Litre

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One litre has the same volume as this cube. Each side is 10 cm
1 litre water = 1 kilogram water (at 4 °C)

A litre (liter in the United States) is one of the metric units of volume. It is not an SI unit.

One litre is the volume of one cubic decimetre, that is a cube of 10 x 10 x 10 centimetre. One litre of water has the mass of exactly one kilogram. This results from the definition given in 1795, where the gram was defined as the weight of one cubic centimeter of melting ice.[1]

The symbol for litre is L or l.

For smaller volumes the decilitre is used: 10 dl = one litre.

For smaller volumes the centilitre is used: 100 cl = one litre.

For smaller volumes the millilitre is used: 1000 ml = one litre.

The capital letter "L" is preferred by some people as the small "l" can look like the number one "1".

  • 1 imperial gallon = 4.5461 litres
  • 1 U.S. gallon = 3.7854 litres
  • 1 litre = 1 dm3

History[change | edit source]

The metric system was first introduced in France in 1791.[2][3] That system did not have its own unit of capacity or volume because volume can be measured in cubic metres.[3] In 1793 work to make the metric system compulsory in France was started by the Temporary Commission of Republican Weights and Measures. Due to public demand,[3] the commission said that the cubic metre was too big for everyday use. They said that a new unit based on the old cadil should be used instead. One cadil was to be 0.001 cubic metres. This was equivalent to a cube with sides 10 cm.[4] The cadil was also known as the pinte or the litron. The pinte had been an old French unit of measure of capacity.[3] In 1795 the definition was revised. The cadil was given the name litre.[5]

In 1795 the kilogram was defined to be exactly one litre of water a 4 °C. In 1799 the kilogram was redefined. The new definition said that the kilogram was the mass of the kilogram des archives. In 1901 scientists measured the volume of one litre of water at 4 °C very carefully.[Note 1] They found that it occupied about 1.000028 dm3.[6] The BIPM redefined the litre as being exactly the volume of one kilogram of water at 4 °C.[7]

In 1960 the SI was introduced. The BIPM changed the definition of the litre back to "one dm3". The litre is not part of SI. The BIPM defined the litre[Note 2] as a "Non-SI unit accepted for use with the SI". This was because it is used in many countries. The BIPM said that the litre should not be used very very accurate work.[8][9]

According to SI rules, the symbol for the litre should be "l". This is because the litre was not named after somebody whose name was "Litre".[Note 3] However the symbol "l" and the number "1" are easily confused. In 1979 the BIPM made an exception for the symbol for the litre. They said that people could use either "L" or "l" as its symbol.[10]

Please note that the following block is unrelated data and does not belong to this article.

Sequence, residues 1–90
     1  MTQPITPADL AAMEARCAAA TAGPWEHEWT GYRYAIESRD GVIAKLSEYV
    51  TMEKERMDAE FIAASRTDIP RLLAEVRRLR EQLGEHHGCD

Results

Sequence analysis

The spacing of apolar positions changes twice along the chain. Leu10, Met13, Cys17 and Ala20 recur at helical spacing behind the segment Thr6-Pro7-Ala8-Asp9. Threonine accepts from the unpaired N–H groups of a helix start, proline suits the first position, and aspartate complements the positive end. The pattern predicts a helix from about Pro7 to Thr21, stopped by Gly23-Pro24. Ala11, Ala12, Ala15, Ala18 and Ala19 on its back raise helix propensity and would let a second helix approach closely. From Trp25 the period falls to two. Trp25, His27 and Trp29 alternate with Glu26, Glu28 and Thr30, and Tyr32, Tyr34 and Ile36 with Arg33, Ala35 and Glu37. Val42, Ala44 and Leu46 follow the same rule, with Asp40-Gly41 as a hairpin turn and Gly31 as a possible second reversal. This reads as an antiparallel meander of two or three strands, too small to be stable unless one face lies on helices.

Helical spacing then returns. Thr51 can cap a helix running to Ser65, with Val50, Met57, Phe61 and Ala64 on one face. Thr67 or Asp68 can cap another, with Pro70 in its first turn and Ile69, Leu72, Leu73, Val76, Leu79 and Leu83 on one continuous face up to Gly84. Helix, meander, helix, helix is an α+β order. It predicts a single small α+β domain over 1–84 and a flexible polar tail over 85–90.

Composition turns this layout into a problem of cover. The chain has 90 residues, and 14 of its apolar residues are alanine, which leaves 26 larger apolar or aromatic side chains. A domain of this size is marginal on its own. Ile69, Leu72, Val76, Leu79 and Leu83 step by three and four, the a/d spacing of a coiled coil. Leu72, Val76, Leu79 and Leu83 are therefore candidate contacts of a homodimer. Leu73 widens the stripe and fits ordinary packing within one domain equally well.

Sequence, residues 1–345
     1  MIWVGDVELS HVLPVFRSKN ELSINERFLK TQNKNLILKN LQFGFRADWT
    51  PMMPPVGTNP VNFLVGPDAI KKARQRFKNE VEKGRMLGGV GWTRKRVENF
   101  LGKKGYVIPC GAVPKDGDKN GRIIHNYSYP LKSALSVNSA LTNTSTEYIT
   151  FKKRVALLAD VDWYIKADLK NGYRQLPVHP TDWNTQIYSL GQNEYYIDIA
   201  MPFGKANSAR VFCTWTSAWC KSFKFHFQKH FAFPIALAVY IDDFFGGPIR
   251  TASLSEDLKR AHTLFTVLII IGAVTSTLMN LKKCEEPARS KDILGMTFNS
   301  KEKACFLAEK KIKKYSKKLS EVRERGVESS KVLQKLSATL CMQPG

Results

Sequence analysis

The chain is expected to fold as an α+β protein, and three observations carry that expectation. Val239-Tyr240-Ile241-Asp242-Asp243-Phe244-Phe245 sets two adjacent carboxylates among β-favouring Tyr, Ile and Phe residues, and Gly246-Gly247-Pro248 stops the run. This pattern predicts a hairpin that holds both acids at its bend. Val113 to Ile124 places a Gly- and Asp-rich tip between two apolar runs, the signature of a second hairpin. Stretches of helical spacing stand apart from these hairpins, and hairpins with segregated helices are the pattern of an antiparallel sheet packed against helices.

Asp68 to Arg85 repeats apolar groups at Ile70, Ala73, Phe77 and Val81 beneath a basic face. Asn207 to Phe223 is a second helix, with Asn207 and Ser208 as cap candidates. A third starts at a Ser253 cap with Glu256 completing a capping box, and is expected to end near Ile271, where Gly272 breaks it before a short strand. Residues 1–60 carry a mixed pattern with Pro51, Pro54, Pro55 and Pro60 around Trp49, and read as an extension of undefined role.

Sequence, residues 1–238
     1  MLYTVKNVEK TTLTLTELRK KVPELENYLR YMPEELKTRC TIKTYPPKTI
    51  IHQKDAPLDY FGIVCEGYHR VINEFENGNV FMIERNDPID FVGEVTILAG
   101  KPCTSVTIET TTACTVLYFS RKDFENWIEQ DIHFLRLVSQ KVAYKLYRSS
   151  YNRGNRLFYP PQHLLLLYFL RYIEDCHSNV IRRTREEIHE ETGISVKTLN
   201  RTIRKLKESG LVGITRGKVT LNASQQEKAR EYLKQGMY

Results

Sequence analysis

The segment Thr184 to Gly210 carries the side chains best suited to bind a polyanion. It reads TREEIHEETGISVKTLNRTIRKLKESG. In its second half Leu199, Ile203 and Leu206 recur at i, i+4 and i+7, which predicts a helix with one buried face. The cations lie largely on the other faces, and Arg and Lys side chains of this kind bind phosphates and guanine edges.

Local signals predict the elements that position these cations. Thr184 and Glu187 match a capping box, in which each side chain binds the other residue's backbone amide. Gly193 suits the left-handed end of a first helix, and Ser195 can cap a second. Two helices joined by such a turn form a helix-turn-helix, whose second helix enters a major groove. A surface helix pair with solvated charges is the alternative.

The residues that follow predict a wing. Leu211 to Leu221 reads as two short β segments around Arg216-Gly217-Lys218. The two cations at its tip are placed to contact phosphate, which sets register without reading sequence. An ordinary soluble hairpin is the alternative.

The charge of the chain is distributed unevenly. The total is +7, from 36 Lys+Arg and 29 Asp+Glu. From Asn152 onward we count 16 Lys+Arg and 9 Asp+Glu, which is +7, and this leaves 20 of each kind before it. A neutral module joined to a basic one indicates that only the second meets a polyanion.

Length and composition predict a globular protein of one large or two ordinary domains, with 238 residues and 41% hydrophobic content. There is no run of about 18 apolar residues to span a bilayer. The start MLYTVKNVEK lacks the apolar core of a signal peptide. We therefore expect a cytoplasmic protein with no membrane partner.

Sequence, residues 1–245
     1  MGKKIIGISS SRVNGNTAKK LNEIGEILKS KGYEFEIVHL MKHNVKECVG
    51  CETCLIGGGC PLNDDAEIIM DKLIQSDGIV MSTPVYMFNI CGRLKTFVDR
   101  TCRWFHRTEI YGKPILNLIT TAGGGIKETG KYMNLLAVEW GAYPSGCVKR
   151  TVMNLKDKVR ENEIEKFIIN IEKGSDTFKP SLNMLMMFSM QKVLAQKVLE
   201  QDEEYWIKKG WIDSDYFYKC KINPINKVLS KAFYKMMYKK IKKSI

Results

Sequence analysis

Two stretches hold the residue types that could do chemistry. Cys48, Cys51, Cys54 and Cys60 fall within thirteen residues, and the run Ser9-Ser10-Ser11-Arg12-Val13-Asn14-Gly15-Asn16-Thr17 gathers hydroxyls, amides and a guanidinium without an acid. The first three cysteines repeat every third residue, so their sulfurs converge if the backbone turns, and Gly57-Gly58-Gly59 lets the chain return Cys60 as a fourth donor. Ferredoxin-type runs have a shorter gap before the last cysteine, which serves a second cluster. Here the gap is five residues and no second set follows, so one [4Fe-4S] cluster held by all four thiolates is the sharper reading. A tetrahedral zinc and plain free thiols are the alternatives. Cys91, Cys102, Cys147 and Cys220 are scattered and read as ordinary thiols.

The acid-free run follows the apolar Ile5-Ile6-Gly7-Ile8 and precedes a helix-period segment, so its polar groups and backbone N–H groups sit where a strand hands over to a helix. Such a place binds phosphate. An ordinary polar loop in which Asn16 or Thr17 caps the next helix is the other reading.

Notes[change | edit source]

  1. Water has its maximum density at 4 °C.
  2. The are and the tonne were also defined as "Non-SI units accepted for use with the SI".
  3. For example, the symbol for watts is "W" because watts were named after James Watt.

References[change | edit source]

  1. "Decree on weights and measures". 7 April 1795. http://smdsi.quartier-rural.org/histoire/18germ_3.htm. "Gramme, le poids absolu d'un volume d'eau pure égal au cube de la centième partie du mètre , et à la température de la glace fondante." English translation: "Gramme: the absolute weight of a volume of pure water equal to the cube of the hundredth part of the meter, at the temperature of melting ice."
  2. Uvarov, E.B.; Isaacs, Alan (1986). The Penguin Dictionary of Science. Penguin Books. ISBN 0-14-051156-3.
  3. 3.0 3.1 3.2 3.3 Fenna, Donald (2002). Oxford Dictionary of Weights, Measures and Units. Oxford University Press. litre,liter. ISBN 0-19-860522-6. http://books.google.co.uk/books?id=RZfGWl-RCQcC&lpg=PA153&pg=PA158#v=onepage&q&f=false.
  4. (in French) Instruction sur les mesures déduites de la grandeur de la terre, uniformes pour toute la république, et sur les calculs relatifs a leur division décimale [Use of measures that are uniform throughout the republic and that are derived from the size of the earth and calculations relating to their decimal division]. Paris: Commission temporaire des Poids et Mesures républicaines. 1793-4 (An II de la République). p. 44-49. http://echo.mpiwg-berlin.mpg.de/ECHOdocuView?url=/mpiwg/online/permanent/library/XT5A1FDA.
  5. Hellman, C. Doris (Jan 1936). "Legendre and the French Reform of Weights and Measures". Orsis (University of Chicago): 314-340. http://www.jstor.org/stable/301613.
  6. Thompson, Ambler; Taylor, Barry N. (2008). "Guide for the Use of the International System of Units (SI)". Gaithersburg: National Institute of Standards and Technology. p. 51. SP 911. http://physics.nist.gov/cuu/pdf/sp811.pdf.
  7. "Resolution of the 3rd meeting of the CGPM (1901)". BIPM. http://www.bipm.org/en/CGPM/db/3/1/. Retrieved 5 March 2014.
  8. "Resolution 6 of the 12th meeting of the CGPM (1964)". BIPM. http://www.bipm.org/en/CGPM/db/12/6/. Retrieved 5 March 2014.
  9. International Bureau of Weights and Measures (2006), The International System of Units (SI) (8th ed.), p. 124, ISBN 92-822-2213-6, http://www.bipm.org/utils/common/pdf/si_brochure_8_en.pdf
  10. "Resolution 6 of the 16th meeting of the CGPM (1979)". BIPM. http://www.bipm.org/en/CGPM/db/16/6/. Retrieved 5 March 2014.